For a product to be of GSP origin, it must have been wholly produced or sufficiently worked or processed in a GSP country.
|Note: An update of this article is pending. Please note that some terms and/or references may differ from the Movement of Goods Act and the Customs Duty Act that enters into force from the 1st of January 2023.|
A product may contain non-originating products and still be a GSP product.
Products wholly obtained
These are products of agriculture, hunting and fishing, and mineral products extracted from the contry's soil or seabed (Chapters 1-24 of the Customs Tariff).
See the Norwegian Customs Regulations, section 8-4-32
Products sufficiently worked or processed
A product can (also) be considered as originating even if non-originating materials are used in its production. Non-originating materials must then meet the requirement in the list rules for the finished product.
However, there are exceptions to the rule of thumb in that the product must have been wholly produced or sufficiently worked or processed. The exceptions are described below.
The tolerance rule means that exceptions are made for non-originating materials in the finished product. Non-originating materials may be used if their value does not exceed 15% of the finished product´s ex-works price. You cannot use the tolerance rule for textiles pursuant to Chapters 50-63 of the Customs Tariff.
Nor can you use the rule in a way that exceeds any maximum value limit of permitted non-originating materials stipulated for a product in the list rules.
Insufficient working or processing
There are some processes or operations that are considered as insufficient processing. A product that only undergoes insufficient processing will not be granted originating status. This applies even if the changes of tariff heading of fixed percentage rules in the list rules are met.
Cumulation means that materials with an originating status in certain other GSP countries may be used. The GSP contry may use such materials throughout the production process. This applies even if the change of tariff heading requirement or other requirements stipulated for an export product in the list rules are not met.
We have three forms of cumulation under the GSP system
- regional cumulation
- bilateral cumulation
- diagonal cumulation
Regional cumulation has been implemented for the Association of South-East Asian Nations (ASEAN) (consisting of Brunei, the Phillippines, Indonesia, Cambodia, Laos, Malaysia, Myanmar, Singapore, Thailand and Vietnam) and the South Asian Association for Regional Cooperation (SAARC) (consisting of Bangladesh, Bhutan, India, the Maldvies, Nepal, Pakistan and Sri Lanka). The SAARC group may not use reginal cumulation for goods under Chapters 1-24 of the Customs Tariff.
This scheme makes it possible to cumulate originating materials from another country within the same regional economic grouping.
For regional cumulation, the countries in question must use rules of origin corresponding to those included in the Norwegian GSP system.
Bilateral cumulation means that materials used for production, originating in a GSP country and materials originating in Norway may be used in full. This applies irrespective of the production criteria that apply to the finished product and any working or processing requirements sepcified in the process list.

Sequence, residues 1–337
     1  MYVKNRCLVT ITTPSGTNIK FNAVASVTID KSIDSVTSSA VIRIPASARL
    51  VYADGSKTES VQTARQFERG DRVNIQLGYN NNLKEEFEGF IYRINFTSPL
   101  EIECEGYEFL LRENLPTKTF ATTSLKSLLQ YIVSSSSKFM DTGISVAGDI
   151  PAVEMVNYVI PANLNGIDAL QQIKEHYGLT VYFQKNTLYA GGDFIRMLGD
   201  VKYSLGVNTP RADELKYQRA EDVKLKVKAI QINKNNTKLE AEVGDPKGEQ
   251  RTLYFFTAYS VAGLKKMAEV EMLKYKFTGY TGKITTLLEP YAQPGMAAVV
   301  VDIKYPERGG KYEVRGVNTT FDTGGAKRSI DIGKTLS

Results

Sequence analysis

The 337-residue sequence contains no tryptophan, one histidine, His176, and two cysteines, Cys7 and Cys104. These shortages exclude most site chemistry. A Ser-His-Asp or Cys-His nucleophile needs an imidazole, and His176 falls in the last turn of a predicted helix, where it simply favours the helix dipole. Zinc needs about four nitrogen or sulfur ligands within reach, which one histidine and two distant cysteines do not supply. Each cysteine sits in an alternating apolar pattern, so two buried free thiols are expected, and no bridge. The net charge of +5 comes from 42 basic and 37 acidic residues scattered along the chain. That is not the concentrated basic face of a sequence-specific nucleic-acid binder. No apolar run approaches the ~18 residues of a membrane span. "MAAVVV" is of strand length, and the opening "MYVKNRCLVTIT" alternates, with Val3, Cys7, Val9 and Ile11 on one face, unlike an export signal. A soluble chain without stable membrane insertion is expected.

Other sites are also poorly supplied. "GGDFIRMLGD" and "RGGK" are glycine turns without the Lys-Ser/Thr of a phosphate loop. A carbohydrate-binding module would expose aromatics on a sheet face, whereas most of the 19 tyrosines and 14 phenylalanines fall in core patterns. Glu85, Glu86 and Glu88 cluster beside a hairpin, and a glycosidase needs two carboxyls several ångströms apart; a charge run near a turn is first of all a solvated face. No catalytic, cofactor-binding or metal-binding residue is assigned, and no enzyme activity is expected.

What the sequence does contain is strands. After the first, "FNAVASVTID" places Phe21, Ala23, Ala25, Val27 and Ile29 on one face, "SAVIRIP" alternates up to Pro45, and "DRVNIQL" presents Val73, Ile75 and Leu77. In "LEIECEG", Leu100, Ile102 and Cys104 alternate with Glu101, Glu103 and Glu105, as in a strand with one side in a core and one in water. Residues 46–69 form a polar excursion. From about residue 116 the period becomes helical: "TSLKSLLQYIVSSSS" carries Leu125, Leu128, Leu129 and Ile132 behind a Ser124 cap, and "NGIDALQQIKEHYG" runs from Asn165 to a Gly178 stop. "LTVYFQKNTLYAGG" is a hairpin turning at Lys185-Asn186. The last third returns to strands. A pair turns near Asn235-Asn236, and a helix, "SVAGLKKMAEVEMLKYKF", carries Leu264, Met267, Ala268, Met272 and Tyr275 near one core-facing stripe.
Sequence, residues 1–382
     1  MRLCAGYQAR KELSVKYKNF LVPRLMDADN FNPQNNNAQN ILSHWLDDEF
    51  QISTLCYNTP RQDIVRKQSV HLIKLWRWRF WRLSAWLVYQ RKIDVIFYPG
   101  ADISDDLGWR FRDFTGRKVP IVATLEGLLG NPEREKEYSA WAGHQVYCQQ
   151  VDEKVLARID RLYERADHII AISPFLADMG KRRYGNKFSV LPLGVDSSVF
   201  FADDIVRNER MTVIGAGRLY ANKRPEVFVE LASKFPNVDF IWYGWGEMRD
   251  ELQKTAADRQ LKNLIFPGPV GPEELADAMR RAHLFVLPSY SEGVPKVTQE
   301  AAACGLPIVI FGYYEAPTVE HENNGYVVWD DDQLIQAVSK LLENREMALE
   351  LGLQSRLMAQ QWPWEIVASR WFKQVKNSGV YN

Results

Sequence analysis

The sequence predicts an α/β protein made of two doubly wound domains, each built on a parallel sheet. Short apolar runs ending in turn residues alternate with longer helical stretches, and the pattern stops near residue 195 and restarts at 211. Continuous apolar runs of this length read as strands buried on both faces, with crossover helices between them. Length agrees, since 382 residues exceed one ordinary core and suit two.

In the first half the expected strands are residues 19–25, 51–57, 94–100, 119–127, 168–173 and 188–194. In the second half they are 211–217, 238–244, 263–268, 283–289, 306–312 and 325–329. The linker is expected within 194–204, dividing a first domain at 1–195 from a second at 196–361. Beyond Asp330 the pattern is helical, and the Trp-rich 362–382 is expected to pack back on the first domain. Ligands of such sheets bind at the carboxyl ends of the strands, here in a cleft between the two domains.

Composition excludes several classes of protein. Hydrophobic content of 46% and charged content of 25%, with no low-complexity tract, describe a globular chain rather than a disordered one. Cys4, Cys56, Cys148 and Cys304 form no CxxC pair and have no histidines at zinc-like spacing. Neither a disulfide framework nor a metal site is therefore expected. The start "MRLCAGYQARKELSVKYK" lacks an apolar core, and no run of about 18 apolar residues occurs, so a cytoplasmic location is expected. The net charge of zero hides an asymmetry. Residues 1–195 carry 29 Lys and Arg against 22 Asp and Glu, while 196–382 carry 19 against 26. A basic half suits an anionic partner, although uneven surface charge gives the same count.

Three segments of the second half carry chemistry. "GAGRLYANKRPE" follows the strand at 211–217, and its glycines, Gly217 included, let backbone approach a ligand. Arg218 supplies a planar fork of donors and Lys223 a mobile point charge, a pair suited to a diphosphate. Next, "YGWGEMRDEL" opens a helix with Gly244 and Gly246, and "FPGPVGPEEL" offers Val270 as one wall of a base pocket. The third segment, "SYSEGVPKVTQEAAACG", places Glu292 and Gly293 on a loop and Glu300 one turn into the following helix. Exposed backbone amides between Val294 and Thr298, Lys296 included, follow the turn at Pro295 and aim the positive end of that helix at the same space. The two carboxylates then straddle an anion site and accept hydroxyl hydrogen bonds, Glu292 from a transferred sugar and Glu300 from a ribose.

The Norwegian exporter must document the origin of the materials to be used for cumulation in a GSP country by way of a movement certificate EUR.1 or a declaration of origin.
Diagonal cumulation (with Norway, the EU or Switzerland)
Diagonal cumulation means that materials used for production in a GSP country and whose originating status is in this country or in Norway, the EU or Switzerland may be used in full. This applies irrespective of the production citeria that apply to the finished product and any working or processing requirements specified in the list rules. The finished product can be exported as a GSP-originating product to Norway, the EU or Switzerland.
The Norwegian Customs Regulations allow Turkey to use diagonal cumulation. This has not yet been implemented.
Cumulation between LCD countries
A product originating in a Least Developed Country (LCD) is considered to originate in another Least Developed Country when processed beyond the processes set out in Section 8-4-34 of the Customs Regulation in the other contry, or it is part of a product manufactured there (MUL cumulation). It is not possible to combine LCD cumulation with other cumulation.
See the Norwegian Customs Regulations, section 8-4-35 no. 4
For whole shipments, the conditions of origin must be met for each item. A shipment cannot be considered as a single unit except when the Customs Tariff has a commodity code that covers a group, set or collection of items as one unit.
Packaging that is included with the product for classification purposes shall also be included in determining the product's originating status (as with other materials and parts).
Accessories, spare parts and tools which constitute natural standard equipment and which are sent together with the item and included in the price are considered as one unit together with the relevant product (the main product).
Goods that are considered as a set under the general rules of interpretation of the Customs Tariff will originate in a GSP country if all of the components in the set are originating products, or if the value of all non-originating materials (components) does not exceed 15% of the set's ex-work price.
When assessing a product's originating status, you must not take into account the energy, fuel, machinery, or tools used in the production. Nor must you take into account goods/ingredients which are not part of and not included to be part of the final product.